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He eyed the flinching Tuscans,
And scorn was in his eye. Quoth he, "The she-wolf's litter21
Stand savagely at bay: But will ye dare to follow,
If Astur clears the way?"
Then, whirling up his broadsword
With hoth hands to the height. He rushed against Horatius,
And smote with all his might. With shield and blade Horatius
Right deftly turned the blow. The blow, though turned, came yet too nigh; It missed his helm, but gashed his thigh: The Tuscans raised a joyful cry
To see the red blood flow.
He reeled, and on Herminius
He leaned one breathing-space; Then, like a wild-cat mad with wounds,
Sprang right at Astur's face.
So fierce a thrust he sped,
Behind the Tuscan's head.
And the great Lord of Luna
Fell at that deadly stroke, As falls on Mount Alvernus
A thunder-smitten oak.
21. Romulus, the founder of Rome, and Remus, his brother, were, according to the legend, rescued and brought up by a she-wolf, after they had been east into the Tiber to die.
Far o'er the crashing forest
The giant arms lie spread;
Gaze on the blasted head.
On Astur's throat Horatius
Right firmly pressed his heel, And thrice and four times tugged amain,
Ere he wrenched out the steel. "And see," he cried, "the welcome,
Fair guests, that waits you here! What noble Lucumo comes next
To taste our Roman cheer?"
But at his haughty challenge
A sullen murmur ran, Mingled of wrath and shame and dread,
Along that glittering van. There lacked not men of prowess,
Nor men of lordly race; For all Etruria's noblest
Were round the fatal place.
But all Etruria's noblest
Felt their hearts sink to see On the earth the bloody corpses,
In the path the dauntless Three: And, from the ghastly entrance
Where those bold Romans stood. All shrank, like boys who unaware, Ranging the woods to start a hare, Come to the mouth of the dark lair Where, growling low, a fierce old bear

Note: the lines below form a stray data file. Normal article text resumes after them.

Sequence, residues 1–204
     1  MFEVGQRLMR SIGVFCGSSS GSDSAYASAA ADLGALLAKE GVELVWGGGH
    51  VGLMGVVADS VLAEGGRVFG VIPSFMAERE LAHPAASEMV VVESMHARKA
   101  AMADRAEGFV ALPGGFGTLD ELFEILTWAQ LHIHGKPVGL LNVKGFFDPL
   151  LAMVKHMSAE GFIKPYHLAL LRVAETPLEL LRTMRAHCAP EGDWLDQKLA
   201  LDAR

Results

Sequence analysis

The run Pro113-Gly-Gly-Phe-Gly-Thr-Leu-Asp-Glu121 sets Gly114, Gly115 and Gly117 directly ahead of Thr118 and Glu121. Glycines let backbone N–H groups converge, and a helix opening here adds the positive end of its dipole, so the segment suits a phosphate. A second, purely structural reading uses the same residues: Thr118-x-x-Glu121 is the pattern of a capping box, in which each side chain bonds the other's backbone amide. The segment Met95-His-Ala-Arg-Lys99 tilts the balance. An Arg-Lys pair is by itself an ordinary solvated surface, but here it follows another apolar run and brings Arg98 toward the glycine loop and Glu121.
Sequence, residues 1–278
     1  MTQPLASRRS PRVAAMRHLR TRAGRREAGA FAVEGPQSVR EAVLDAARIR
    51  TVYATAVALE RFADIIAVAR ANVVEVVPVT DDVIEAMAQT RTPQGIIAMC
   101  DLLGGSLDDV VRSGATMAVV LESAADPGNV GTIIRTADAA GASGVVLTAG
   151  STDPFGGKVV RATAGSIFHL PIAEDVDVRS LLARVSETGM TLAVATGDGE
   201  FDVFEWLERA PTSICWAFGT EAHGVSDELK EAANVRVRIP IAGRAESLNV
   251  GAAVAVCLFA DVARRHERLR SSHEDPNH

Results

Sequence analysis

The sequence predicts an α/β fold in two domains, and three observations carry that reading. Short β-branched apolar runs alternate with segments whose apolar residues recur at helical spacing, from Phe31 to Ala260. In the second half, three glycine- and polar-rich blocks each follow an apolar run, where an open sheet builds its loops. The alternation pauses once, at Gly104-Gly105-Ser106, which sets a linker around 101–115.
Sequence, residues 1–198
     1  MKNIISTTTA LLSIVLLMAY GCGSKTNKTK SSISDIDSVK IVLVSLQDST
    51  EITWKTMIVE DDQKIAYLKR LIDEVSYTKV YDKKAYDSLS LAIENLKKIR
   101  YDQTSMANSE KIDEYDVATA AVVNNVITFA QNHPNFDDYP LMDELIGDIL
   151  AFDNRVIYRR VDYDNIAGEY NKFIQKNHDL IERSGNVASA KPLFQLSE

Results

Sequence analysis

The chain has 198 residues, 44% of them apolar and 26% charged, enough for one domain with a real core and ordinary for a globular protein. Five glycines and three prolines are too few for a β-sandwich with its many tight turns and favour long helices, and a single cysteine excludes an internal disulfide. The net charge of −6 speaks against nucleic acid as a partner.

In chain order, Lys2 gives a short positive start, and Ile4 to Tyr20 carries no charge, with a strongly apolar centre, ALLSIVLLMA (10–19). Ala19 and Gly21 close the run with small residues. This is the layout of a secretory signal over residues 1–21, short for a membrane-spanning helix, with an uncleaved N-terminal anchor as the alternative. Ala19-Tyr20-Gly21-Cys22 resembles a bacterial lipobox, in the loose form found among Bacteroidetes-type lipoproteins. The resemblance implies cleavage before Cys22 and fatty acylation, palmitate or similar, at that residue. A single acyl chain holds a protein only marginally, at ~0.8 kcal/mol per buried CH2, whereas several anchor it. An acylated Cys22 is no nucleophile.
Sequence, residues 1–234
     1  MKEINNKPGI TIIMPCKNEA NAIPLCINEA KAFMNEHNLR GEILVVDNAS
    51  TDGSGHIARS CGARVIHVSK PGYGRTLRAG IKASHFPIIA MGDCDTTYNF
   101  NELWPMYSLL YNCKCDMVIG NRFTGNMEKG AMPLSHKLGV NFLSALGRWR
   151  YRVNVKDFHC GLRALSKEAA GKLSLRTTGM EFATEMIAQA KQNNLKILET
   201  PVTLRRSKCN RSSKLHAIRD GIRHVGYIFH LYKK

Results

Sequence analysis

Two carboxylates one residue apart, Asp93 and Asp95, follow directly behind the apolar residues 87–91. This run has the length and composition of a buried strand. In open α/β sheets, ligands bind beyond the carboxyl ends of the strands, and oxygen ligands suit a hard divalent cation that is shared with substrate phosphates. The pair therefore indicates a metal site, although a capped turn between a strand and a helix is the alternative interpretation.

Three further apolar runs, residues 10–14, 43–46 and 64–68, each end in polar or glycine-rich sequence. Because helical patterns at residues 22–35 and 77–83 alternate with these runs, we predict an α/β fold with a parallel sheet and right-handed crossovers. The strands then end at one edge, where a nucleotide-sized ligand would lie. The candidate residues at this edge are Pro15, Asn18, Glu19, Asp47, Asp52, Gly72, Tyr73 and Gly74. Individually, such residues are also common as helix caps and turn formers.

Lies amidst bones and blood.
Was none who would be foremost
To lead such dire attack:
And those before cried "Back!"
Wavers the deep array;
Dies fitfully away.
Yet one man for one moment
Stood out before the crowd; Well known was he to all the Three,
And they gave him greeting loud, "Now welcome, welcome, Sextus!
Now welcome to thy home! Why dost thou stay, and turn away?
Here lies the road to Rome."
Thrice looked he at the city;
Thrice looked he at the dead; And thrice came on in fury,
And thrice turned back in dread; And, white with fear and hatred,
Scowled at the narrow way Where, wallowing in a pool of blood, v The bravest Tuscans lay.
But meanwhile axe and lever
And now the bridge hangs tottering
"Come back, come back, Horatius!" Loud cried the Fathers all.
"Back, Lartius! back, Herminius!
Back darted Spurius Lartius;
Herminius darted back: And, as they passed, beneath their feet
They felt the timbers crack.
And on the farther shore
They would have crossed once more.
But with a crash like thunder
Fell every loosened beam,
Lay right athwart the stream;
Rose from the walls of Rome, As to the highest turret-tops
Was splashed the yellow foam.
And, like a horse unbroken
When first he feels the rein, The furious river struggled hard,
And tossed his tawny mane,
Rejoicing to be free,
Rushed headlong to the sea.
Alone stood brave Horatius,
But constant still in mind; Thrice thirty thousand foes before,
And the broad flood behind.
"Down with him!" cried false Sextus,
With a smile on his pale face. "Now yield thee," cried Lars Porsena,
"Now yield thee to our grace."
Round turned he, as not deigning
Those craven ranks to see; Naught spake he to Lars Porsena,
To Sextus naught spake he; But he saw on Palatinus2
The white porch of his home; And he spake to the noble river
That rolls by the towers of Rome.
"O Tiber! father Tiber!23
To whom the Romans pray,
Take thou in charge this day!"
The good sword by his side,
Plunged headlong in the tide.
No sound of joy or sorrow
Was heard from either bank; But friends and foes in dumb surprise, With parted lips and straining eyes.
Stood gazing where he sank; And when above the surges
They saw his crest appear, All Rome sent forth a rapturous cry,
22. The Palatine is one of the seven hills of Rome.
23. The Romans personified the Tiber River, and even offered prayers to it.